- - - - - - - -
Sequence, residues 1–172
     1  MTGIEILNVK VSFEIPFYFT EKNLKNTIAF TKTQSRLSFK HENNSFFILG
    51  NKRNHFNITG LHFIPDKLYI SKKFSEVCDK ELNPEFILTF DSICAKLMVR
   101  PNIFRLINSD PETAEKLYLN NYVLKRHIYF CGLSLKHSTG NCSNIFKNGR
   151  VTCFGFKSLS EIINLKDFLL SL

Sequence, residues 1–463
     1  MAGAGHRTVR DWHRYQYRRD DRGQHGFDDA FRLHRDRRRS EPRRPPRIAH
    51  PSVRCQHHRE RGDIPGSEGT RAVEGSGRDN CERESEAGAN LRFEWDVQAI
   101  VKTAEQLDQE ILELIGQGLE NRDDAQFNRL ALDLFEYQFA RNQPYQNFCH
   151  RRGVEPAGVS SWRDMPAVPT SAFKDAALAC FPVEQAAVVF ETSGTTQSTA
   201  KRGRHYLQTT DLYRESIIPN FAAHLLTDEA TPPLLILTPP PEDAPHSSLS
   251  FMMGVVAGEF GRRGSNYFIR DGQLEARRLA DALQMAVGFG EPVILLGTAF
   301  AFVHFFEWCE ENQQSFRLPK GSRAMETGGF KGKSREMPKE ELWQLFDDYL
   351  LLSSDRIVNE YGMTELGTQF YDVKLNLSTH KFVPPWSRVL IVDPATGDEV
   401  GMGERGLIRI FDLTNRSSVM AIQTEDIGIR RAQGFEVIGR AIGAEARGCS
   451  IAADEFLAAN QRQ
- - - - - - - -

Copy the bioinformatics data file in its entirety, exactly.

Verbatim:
Sequence, residues 1–172
     1  MTGIEILNVK VSFEIPFYFT EKNLKNTIAF TKTQSRLSFK HENNSFFILG
    51  NKRNHFNITG LHFIPDKLYI SKKFSEVCDK ELNPEFILTF DSICAKLMVR
   101  PNIFRLINSD PETAEKLYLN NYVLKRHIYF CGLSLKHSTG NCSNIFKNGR
   151  VTCFGFKSLS EIINLKDFLL SL

Sequence, residues 1–463
     1  MAGAGHRTVR DWHRYQYRRD DRGQHGFDDA FRLHRDRRRS EPRRPPRIAH
    51  PSVRCQHHRE RGDIPGSEGT RAVEGSGRDN CERESEAGAN LRFEWDVQAI
   101  VKTAEQLDQE ILELIGQGLE NRDDAQFNRL ALDLFEYQFA RNQPYQNFCH
   151  RRGVEPAGVS SWRDMPAVPT SAFKDAALAC FPVEQAAVVF ETSGTTQSTA
   201  KRGRHYLQTT DLYRESIIPN FAAHLLTDEA TPPLLILTPP PEDAPHSSLS
   251  FMMGVVAGEF GRRGSNYFIR DGQLEARRLA DALQMAVGFG EPVILLGTAF
   301  AFVHFFEWCE ENQQSFRLPK GSRAMETGGF KGKSREMPKE ELWQLFDDYL
   351  LLSSDRIVNE YGMTELGTQF YDVKLNLSTH KFVPPWSRVL IVDPATGDEV
   401  GMGERGLIRI FDLTNRSSVM AIQTEDIGIR RAQGFEVIGR AIGAEARGCS
   451  IAADEFLAAN QRQ